Gender Defenders

She was the one that kept me hanging on. With one little sentence she got me through a night. A day. A weekend. A week. A month. “I’ll always go to bat for you.” delivered right when I felt like nobody cared. And I knew they were real words. When I asked her if she would come out for me to a coworker because I couldn’t stand being deadnamed one more time, and I just didn’t have the energy to come out to yet another person right then. 

She didn’t have to. She could’ve said no, you have to do it yourself. Or she could’ve just said sure, and left it at that. But she didn’t.  She said, “I’ll always go to bat for you.” We never saw each other outside of work. She was my manager, I was an employee. But she made me feel like I mattered. Like I wasn’t just some inconvenient freak. 
And whatever happens, whether we end up friends, or stay manager/employee, or one of us quits and we never talk again, those words will be important. People like her are important to people like me. They make us feel like someone has our back on a world where nobody has our back. A lot of people say they support trans people, but really, they don’t. They want people to think they do. But people like her, they don’t care if people think they do, and they actually do. If there is a God, if there is a heaven, these are the saints. 
Be that kind of person. Be the one who will say, “I’ll always go to bat for you.” And be the person who means it. Be an ally. Be the person who listens and doesn’t assume. Who listens and accepts rather than argues and tells us why were overreacting or wrong.  The person we feel like we can come to just to talk, and not be judged. 
I can count the number of people like this in my life on one hand.  But even if I could only count one finger, that’s more than some can say. I’m lucky to know people like that. Be that person. Even more, be the person who sticks up for people you don’t even know, just because it’s the right thing to do. One sentence to make someone feel better might make their whole day. It has for me.
Be like that coworker. And bring people up instead of keeping them down.  
The 31st is trans visibility day. So spread some awareness and be an ally. Wear your pink, blue, and white. Break you’re gender roles. Talk about us. 
Don’t wait till you’re tagged in to fight like, and for, a grrrl. 
– Natalie
Update: new boss at my day job. I feel like I lost an ally, and a really good boss, and maybe even a friend, with the other one leaving. And the new lady is terrible. And someone I knew from before. Among other things besides making everyone else do her work and hovering like she’s trying to catch you doing something wrong all the time, I found out yesterday that she’s been using my new name with everyone (including me), except the other guy I used to work with, which makes it a conscious decision, which makes me super pissed and super not trust her. And I can’t even prove it to call her out on it. This is going to be fun.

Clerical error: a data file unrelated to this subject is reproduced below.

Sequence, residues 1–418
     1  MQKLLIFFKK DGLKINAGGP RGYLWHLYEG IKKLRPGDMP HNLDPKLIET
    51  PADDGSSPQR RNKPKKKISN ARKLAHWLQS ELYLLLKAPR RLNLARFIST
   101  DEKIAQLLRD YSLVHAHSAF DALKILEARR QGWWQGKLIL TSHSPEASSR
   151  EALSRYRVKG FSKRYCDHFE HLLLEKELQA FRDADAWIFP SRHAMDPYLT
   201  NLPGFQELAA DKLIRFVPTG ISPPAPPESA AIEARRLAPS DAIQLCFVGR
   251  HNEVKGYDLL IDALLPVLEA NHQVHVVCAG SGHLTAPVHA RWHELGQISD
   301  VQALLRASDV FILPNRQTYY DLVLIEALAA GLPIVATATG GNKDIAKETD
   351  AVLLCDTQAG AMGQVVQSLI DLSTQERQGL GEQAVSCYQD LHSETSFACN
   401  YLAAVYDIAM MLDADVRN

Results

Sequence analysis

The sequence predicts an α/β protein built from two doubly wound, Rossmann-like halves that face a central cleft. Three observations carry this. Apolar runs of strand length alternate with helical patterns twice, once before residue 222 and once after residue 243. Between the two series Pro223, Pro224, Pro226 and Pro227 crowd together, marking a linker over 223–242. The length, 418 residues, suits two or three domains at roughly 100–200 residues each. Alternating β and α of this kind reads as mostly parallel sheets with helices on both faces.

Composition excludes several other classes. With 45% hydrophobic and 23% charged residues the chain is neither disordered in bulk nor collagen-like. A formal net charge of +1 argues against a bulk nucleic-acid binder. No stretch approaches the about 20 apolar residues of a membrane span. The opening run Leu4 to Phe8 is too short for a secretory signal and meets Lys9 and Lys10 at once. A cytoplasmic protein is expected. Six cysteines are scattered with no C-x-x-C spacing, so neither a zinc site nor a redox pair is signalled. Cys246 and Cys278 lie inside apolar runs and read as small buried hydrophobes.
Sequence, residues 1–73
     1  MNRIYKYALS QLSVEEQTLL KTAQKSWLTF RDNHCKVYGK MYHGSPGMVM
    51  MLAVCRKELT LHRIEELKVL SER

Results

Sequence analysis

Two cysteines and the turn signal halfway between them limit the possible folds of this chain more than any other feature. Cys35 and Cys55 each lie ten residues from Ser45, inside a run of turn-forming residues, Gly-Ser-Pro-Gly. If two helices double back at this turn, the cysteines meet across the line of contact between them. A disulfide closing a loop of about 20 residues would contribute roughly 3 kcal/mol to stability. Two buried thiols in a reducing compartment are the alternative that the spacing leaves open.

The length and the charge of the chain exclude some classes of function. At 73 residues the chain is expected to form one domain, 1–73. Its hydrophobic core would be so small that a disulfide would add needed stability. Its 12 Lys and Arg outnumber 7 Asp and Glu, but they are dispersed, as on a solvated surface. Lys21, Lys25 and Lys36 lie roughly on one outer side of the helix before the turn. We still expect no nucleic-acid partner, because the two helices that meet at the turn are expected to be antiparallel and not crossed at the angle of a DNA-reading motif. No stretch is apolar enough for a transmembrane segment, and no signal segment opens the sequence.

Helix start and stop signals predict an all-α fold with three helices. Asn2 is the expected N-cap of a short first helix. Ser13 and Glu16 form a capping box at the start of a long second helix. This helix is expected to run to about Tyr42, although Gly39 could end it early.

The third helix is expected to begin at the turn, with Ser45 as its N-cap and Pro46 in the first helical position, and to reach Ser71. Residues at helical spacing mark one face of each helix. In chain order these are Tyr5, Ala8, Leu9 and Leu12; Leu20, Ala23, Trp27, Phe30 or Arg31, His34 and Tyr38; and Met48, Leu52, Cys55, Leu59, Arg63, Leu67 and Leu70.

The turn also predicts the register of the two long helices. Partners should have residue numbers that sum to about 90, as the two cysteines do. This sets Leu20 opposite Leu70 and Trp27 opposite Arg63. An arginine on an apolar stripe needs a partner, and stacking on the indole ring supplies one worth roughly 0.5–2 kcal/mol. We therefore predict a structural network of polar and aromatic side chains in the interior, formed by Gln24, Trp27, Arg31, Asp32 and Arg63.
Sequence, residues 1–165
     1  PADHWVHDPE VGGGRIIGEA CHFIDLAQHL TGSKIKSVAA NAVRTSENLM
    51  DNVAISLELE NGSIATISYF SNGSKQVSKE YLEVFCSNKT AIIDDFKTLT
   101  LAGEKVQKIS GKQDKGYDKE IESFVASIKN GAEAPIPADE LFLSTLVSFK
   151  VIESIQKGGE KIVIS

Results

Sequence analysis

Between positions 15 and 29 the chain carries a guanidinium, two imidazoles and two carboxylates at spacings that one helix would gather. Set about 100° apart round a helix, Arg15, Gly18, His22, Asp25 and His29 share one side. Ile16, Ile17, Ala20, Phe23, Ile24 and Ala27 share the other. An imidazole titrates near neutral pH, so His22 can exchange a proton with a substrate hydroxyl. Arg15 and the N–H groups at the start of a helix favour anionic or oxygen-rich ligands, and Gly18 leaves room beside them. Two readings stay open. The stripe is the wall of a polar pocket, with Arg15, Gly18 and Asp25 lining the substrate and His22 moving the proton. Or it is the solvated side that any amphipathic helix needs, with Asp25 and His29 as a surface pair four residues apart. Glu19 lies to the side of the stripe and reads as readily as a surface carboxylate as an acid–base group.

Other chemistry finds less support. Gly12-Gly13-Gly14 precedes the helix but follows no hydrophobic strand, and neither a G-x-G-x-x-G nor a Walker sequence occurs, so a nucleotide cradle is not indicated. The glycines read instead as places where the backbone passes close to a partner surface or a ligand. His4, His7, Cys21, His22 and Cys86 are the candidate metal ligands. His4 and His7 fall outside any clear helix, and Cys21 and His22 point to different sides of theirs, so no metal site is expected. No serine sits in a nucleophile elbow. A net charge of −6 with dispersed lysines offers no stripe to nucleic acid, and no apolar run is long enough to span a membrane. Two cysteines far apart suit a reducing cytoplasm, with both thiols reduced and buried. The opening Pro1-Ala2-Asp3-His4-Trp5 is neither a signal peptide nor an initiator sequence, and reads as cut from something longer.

Caught in the Middle

Sometimes I pass, I think. Sometimes I don’t. More or less, I’m identifiable as a trans person. Even with my masculine-leaning voice, even with my paw-sized hands, I still get she’d when people decide to gender me sometimes. (A lot of times they avoid gender altogether, which is awkward, but a good sign, I think.) I get called “that person” sometimes, too. But it’s still better than he and sir. 

I’m also getting to the point where some people I know who talk to me are talking to me differently. Talking to me more like they’d talk to female friends. And I can’t help thinking, maybe this is the part where it starts getting easier. Where I don’t have to think so much about being trans, and can think about being me. 
The other day at work was a first for me. A woman and her son (maybe 6 or 7) came in, and the son said something about “did you give it to him to buy?” And I was shocked when she actually corrected him. “That’s a she,” she said. He looked confused, and she pointed out that I had the same name as her. And even though the rest of the day was terrible, I just kept thinking, someone actually corrected my pronouns on my behalf, and respected my identity without me having to do anything. That has never happened before. And it felt really good. I wasn’t even wearing makeup. For once, my name tag helped me out. 
I haven’t worn male-marketed clothes in almost a year, but at the same time, my feminine wardrobe is pretty lacking. I don’t have anything very formal, and I don’t have a very wide selection. Jeans and long sleeve shirts. A few dresses a couple skirts. I find myself trying to buy new things for each season now, trying to feel out what I like and what works for my body type. I like dresses,  but it’s hard to find ones I like because sleeveless still isn’t an option for me. I like skirts, but finding ones that don’t make me look like a stick with no hips is hard, too.  
But being in the middle isn’t as bad as I thought it would be. My path is kind of working itself out as I go, and what I need to do next reveals itself as I need to do it. That I’m in the middle now means I’m making progress, and though it’s not as fast as I would like, as long as I’m moving forward things will be okay.